A winter wonderland for birdwatchers

Snowy owls periodically disperse southwards, forced from the tundra by diminishing food supplies every five or six years.

  • Dec. 31, 2011 8:00 p.m.

Winter is here, bring with it some new visitors from the north.

Three interesting species of “snow birds” demonstrate how important the habitats of the Fraser River delta are at this time of year.

White, sparrow-size birds, called snow buntings, spend the winter in small numbers locally, frequenting jetties, causeways, and roadsides near the coast.

They can be very inconspicuous, the white patches on their plumage blending well with their surroundings.

Accustomed to the wide open spaces of the tundra, these little birds are not at all shy and can be approached quite closely as they search around for seeds on the ground.

Snowy owls share a similar Arctic white and grey colour scheme. They roost in the open so are easily seen in coastal grasslands.

Always popular with birders and photographers, these spectacular, large owls periodically disperse southwards, forced from the tundra by diminishing food supplies every five or six years.

A southward irruption is here. In 2005, eighteen of these birds could be seen through the winter months, resting on logs outside the Boundary Bay dyke, and in 2006 a handful of birds visited. This year, dozens have already been spotted.

Photo: David Blevins

Tens of thousands of snow geese have arrived for the winter at the mouth of the Fraser River, where they feed on sedge rhizomes and the remains of the potato harvest.

The geese are pure white with black wing tips, but when they have been grubbing in the mud, their head and necks often become stained rusty-brown.

They will feed for a couple of months around Westham Island before heading to the Skagit Valley, WA for the midwinter period. Long skeins of snow geese then return through the Fraser estuary on their springtime migration to their breeding grounds on Wrangel Island, Russia.

All these winter visitors are here to escape the harsh winter weather up north. Great care should be taken not to disturb them, particularly when taking photographs.

In the past, owls have been harassed by photographers keen to get the perfect “shot” and this upsets both the birds and other people who are hoping to see them.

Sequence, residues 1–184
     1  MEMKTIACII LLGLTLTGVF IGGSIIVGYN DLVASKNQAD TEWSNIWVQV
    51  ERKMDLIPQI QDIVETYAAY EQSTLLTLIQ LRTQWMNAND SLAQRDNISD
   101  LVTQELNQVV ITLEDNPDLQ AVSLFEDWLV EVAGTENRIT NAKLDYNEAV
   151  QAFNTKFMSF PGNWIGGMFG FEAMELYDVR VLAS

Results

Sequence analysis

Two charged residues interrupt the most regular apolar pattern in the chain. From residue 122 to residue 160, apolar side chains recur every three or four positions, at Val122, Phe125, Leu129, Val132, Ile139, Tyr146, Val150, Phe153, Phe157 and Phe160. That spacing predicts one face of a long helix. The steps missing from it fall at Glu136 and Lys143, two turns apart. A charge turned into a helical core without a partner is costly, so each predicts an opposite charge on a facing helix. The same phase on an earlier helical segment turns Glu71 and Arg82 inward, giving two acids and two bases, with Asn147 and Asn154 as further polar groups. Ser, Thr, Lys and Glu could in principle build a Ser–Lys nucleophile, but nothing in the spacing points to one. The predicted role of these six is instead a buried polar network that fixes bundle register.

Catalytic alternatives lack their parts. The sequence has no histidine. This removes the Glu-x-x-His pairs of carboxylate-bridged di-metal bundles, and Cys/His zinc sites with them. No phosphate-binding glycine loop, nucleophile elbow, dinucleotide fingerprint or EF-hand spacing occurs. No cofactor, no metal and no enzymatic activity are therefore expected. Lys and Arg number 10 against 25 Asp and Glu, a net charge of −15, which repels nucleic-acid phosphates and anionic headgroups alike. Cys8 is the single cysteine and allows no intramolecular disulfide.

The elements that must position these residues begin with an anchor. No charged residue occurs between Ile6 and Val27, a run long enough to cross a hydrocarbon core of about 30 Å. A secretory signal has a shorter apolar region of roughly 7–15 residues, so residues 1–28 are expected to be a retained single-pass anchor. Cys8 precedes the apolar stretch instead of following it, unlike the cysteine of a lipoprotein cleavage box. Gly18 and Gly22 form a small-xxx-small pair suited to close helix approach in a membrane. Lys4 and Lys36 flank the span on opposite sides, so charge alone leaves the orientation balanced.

Please keep your dogs on leash near birds and respect the rights of farmers and landowners; wintering birds are often found on private farm fields, so please do not trespass to observe them.

Enjoy these beautiful creatures before spring comes and they flock elsewhere.

Anne Murray is the author of two books on nature and our local environment: A Nature Guide to Boundary Bay and Tracing Our Past: A Heritage Guide to Boundary Bay, available at local bookstores. Visit www.natureguidesbc.com for details.

 

Get local stories you won't find anywhere else right to your inbox.
Sign up here

Just Posted

COVID-19: Daily update on the pandemic in Surrey, White Rock and beyond

APRIL 2: No refunds for Surrey soccer tourney teams, help for post-secondary students announced

‘Shocking decision’: Surrey soccer club won’t offer refunds to 350 teams for cancelled tourney

Registration fees would top $171K for Surrey Mayor’s Cup, postponed due to COVID-19

Tour de Delta cancelled due to COVID-19 pandemic

This year would have been the event’s 20th anniversary

Surrey brewery distilling hand sanitizer in effort to fight pandemic

Central City Brewers is producing it in bulk and ‘more convenient’ sizes

‘We don’t need this right now’: B.C. man breaks up road rage incident

Two men were throwing punches on Tillicum Road in Saanich on Vancouver Island

B.C.’s senior home staff measures show results in COVID-19 battle

Dr. Bonnie Henry’s order restricts care aides to one facility

‘A matter of human decency’: Truckers’ union calls on gas stations, rest stops to fully re-open

Teamsters Canada wants feds, provinces to put pressure on facilities to re-open for transport workers

B.C. unveils $3.5M COVID-19 emergency fund for post-secondary students

Money will help students cover living expenses, food, travel, portable computers

‘We will get through this’: B.C. sees new COVID-19 death, but 57% have recovered

A total of 1,066 people have tested positive for the novel coronavirus

Canada’s 75% wage subsidy is coming, but not for several weeks: finance minister

Subsidy will cost Canada $71 billion, but push down cost of emergency benefit, Morneau said

COVID-19: ‘The Ballad of Bonnie Henry’ recorded and released

LISTEN: Quick turnaround for song penned by B.C. Order of Canada musician Phil Dwyer

UFV student nurses offering respite to frontline nurses, care aides

Website helping to match volunteers with those who need help with daily errands

B.C. adding $300 to monthly income and disability assistance payments

‘Crisis supplement’ for COVID-19 for April, May and June

Most Read

l -->